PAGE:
• The difference among the three tenure system were based on the following areas - taxation, economic inequality, benefits, stock condition and energy efficiency, mobility, security of tenure, impact on economy and satisfaction and aspiration (HM Treasury, 2010).
  • The major changes in the housing tenure system took place during 1915-19 and then in 1979. The category social housing and owner occupation grew in size during 1915 to 1979 while private renting contracted.
  • Since 1979, there is a rise in owner occupation at the cost of social housing.
  • The size of private rented sector swelled rapidly (Gillborn and Youdell, 2000).
  • The tenure trends are the result of combine driver of political, social work and economic forces that executed in the short and long haul.
  • Changes in political system provide support to local authority provision and further in the area of Right to Buy (Gewirtz, 2002).
  • There are also recent trends that have result in turning point in UK.
  • For the first time ever, there is expansion in private rented sector and contraction in owner occupied sector.
  • There is increase in one million household during the period 2005 to 2009 (European Commission, 2002).

4.2 Types Of Housing Tenure In Britain And Change Since 1945

The social policy in UK was restructure and renovated many time since 1945. The impact of war can be seen in economic inequality, lack of education and need for health care. Since then the UK government took major steps to continuously refined three areas of society in order to ensure growth and development.

The education system was refined with the introduction of Tripartite System that changed the secondary education. The purpose was to address the social exclusion of individual on income and caste basis (Gewirtz, 2002). The system was such developed that all individual are entitled to seek the benefits regardless of the financial resources. The skills and abilities would be the major testing criteria.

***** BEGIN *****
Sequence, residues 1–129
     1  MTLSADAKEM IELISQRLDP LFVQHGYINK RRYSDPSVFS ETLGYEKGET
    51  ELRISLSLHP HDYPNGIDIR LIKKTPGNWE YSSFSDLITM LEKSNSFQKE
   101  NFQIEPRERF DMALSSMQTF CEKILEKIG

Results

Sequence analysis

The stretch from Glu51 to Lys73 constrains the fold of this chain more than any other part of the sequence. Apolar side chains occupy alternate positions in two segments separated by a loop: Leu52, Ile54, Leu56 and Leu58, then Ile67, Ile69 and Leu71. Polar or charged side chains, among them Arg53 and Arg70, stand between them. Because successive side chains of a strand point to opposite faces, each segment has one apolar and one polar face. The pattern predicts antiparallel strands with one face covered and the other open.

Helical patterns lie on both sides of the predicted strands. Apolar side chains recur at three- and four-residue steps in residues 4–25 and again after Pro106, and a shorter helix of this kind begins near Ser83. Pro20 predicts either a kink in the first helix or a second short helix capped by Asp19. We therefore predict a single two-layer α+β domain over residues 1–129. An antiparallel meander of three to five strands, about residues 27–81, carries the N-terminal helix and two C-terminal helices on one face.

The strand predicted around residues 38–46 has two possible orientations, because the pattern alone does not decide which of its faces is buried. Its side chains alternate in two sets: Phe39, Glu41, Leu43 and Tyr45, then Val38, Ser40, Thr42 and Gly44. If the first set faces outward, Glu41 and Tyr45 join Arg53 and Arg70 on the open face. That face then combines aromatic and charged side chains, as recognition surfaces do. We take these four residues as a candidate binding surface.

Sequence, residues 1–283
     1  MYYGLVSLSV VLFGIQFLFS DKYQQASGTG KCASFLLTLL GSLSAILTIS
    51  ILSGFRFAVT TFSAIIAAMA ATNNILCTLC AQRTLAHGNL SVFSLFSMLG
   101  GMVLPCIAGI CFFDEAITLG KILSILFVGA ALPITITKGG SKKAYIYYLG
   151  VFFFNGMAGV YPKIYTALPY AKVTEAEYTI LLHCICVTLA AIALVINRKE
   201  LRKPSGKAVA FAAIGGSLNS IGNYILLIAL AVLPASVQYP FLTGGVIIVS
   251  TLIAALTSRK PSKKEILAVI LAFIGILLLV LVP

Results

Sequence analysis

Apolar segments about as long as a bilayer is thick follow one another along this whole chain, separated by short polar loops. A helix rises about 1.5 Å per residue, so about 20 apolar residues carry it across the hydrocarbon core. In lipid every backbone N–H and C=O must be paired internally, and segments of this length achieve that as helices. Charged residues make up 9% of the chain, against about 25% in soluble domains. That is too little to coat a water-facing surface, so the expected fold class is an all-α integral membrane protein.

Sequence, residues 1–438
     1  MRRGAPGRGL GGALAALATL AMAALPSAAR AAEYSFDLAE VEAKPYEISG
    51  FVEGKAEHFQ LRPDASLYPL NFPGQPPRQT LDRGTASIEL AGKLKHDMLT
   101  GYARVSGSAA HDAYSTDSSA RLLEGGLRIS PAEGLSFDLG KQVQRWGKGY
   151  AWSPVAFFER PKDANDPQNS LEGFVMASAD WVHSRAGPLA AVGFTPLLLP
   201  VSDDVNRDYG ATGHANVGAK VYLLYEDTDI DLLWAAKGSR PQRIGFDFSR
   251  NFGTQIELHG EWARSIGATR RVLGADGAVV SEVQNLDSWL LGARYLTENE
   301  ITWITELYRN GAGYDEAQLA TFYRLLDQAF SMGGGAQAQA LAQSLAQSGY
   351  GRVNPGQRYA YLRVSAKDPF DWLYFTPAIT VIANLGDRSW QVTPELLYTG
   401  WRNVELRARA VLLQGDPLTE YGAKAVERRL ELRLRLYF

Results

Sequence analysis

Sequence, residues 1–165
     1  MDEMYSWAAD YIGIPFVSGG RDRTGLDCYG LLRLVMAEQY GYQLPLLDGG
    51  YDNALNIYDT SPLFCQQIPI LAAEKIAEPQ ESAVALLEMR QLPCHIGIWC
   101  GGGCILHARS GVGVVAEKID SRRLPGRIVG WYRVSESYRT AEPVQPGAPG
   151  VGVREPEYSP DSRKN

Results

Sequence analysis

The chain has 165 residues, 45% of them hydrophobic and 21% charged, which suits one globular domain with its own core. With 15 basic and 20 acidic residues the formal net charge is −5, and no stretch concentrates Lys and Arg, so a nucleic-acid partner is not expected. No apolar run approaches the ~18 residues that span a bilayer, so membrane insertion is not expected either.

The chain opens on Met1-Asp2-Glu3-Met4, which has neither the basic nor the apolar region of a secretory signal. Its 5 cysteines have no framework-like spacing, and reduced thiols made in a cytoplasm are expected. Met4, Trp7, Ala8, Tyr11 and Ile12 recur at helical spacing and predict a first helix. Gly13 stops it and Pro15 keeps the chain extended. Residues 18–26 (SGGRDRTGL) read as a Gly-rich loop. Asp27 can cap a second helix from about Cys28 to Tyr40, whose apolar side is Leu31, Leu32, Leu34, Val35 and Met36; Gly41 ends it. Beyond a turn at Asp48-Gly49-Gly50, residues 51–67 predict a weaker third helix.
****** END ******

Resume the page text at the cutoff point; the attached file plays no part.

Other then this changes were also seen in health care sector. The introduction of many new medical treatment and private sector insurance helped expand the are of treatment. There introduction of insurance enabled may patients to available the treatment and medical facilitates which were earlier not affordable and within their range (Alexiadou, 2002).

In addition to this, the other major area of development was housing sector. in order to address the needs of growing population and to lower the cost, the national government took steps to introduce support and measure. The local authorities were provided substantial support from the governing bodies through tax benefits and introduction of Right to Buy (European Commission, 2001). This helped in declining the mortgage, wealth and income constraints in the society and improved the quality of living.

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References

  • Alexiadou, N., 2002. Social inclusion and social exclusion in England: Tensions in education policy, Journal of Education Policy.
  • European Commission, 2001. The Concrete Future Objectives of Education and Training Systems / Report from Education Council to the European Council, Press Release: Brussels.
  • European Commission, 2002. Joint Report on Social Inclusion, DG: Employment and Social.
  • Gewirtz, S., 2002. The Managerial School: Post-welfarism and social justice in education. Routledge.
  • Gillborn, D. and Youdell, D., 2000. Rationing Education: Policy, Practice, Reform and Equity. Open University Press.